Tax refunds, a lifeline for many Americans to help get caught up on bills, or to buy much-needed items, could once again take some time to reach Americans in 2021.
Earlier this year, many tax payers complained about delayed refunds amid the early days of the coronavirus pandemic. The IRS sent many of its employees to work from home, resulting in delays in processing refunds. It was also difficult for many Americans to contact the IRS.
Meanwhile, the IRS was processing millions of economic impact payments as most American adults were eligible to receive a $1,200 payment from the federal government.
The IRS advised tax payers on Tuesday to not rely on a tax refund coming by a certain date.
“The IRS always cautions taxpayers not to rely on receiving a refund by a certain date, especially when making major purchases or paying bills,” the IRS said on Tuesday. “Some returns may require additional review and processing may take longer. For example, the IRS, along with its partners in the tax industry, continue to strengthen security reviews to help protect against identity theft and refund fraud. Just like last year, refunds for tax returns claiming the Earned Income Tax Credit or Additional Child Tax Credit [lnks.gd], cannot be issued before mid-February. This applies to the entire refund, even the portion not associated with these credits.”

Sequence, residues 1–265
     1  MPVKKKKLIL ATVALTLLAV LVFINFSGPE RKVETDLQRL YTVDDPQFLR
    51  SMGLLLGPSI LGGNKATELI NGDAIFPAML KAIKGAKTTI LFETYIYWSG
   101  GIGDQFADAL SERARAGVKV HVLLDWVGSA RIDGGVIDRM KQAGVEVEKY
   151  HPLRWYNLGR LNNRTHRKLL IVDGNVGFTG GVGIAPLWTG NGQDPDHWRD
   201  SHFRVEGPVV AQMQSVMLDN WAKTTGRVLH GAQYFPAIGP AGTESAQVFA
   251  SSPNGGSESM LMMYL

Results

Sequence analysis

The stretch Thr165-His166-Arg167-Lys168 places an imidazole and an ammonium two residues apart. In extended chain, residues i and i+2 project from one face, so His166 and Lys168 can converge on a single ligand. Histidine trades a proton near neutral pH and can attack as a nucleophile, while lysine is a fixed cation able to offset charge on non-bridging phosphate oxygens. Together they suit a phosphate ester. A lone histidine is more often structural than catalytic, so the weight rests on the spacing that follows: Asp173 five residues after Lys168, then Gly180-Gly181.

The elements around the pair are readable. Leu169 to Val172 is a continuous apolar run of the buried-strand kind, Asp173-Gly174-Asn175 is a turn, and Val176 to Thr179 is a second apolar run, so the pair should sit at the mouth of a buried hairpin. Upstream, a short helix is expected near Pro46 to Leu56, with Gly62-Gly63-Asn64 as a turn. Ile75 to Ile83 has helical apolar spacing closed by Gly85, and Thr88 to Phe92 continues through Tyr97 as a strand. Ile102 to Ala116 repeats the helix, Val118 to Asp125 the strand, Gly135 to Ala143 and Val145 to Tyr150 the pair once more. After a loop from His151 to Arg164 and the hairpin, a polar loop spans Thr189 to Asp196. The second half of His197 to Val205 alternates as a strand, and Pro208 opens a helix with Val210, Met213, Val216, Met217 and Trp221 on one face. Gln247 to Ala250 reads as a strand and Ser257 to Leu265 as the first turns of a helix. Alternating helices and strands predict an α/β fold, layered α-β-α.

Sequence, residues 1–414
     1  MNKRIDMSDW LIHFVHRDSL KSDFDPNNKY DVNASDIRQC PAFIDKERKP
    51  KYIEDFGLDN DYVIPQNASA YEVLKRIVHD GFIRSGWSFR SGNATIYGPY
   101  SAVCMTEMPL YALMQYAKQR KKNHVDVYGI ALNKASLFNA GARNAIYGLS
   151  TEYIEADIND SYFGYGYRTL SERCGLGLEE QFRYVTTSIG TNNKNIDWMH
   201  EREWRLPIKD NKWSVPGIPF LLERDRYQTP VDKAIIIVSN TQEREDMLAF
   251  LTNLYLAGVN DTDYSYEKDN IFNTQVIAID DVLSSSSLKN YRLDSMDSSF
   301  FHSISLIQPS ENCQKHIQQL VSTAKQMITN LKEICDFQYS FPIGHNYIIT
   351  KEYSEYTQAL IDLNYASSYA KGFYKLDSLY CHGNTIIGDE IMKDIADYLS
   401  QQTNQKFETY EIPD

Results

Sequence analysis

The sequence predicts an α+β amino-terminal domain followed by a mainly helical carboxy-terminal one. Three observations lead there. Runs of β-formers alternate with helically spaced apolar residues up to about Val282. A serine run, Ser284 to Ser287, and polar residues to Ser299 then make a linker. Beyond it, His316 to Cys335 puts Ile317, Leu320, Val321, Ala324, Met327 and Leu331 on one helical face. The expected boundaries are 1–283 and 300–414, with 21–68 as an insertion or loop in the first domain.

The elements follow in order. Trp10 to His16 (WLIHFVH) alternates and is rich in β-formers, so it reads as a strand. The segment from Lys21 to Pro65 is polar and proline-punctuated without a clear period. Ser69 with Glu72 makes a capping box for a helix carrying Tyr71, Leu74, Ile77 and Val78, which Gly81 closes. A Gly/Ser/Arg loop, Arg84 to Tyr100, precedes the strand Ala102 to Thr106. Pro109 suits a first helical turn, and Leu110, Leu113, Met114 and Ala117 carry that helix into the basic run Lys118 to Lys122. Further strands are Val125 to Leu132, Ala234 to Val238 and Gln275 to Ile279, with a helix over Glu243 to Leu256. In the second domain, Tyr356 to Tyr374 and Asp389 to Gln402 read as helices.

The IRS said that the fastest way for tax payers to obtain a refund is to file electronically and request payment via direct deposit.
The IRS said that once a tax return is received, Americans can track their refund using the “Where’s My Refund” tool on its website.
According to the IRS, the agency issued 122 million refunds for tax year 2019, totaling $452 billion. The average refund was $3,704. All told, the IRS processed 253 million tax returns for last year.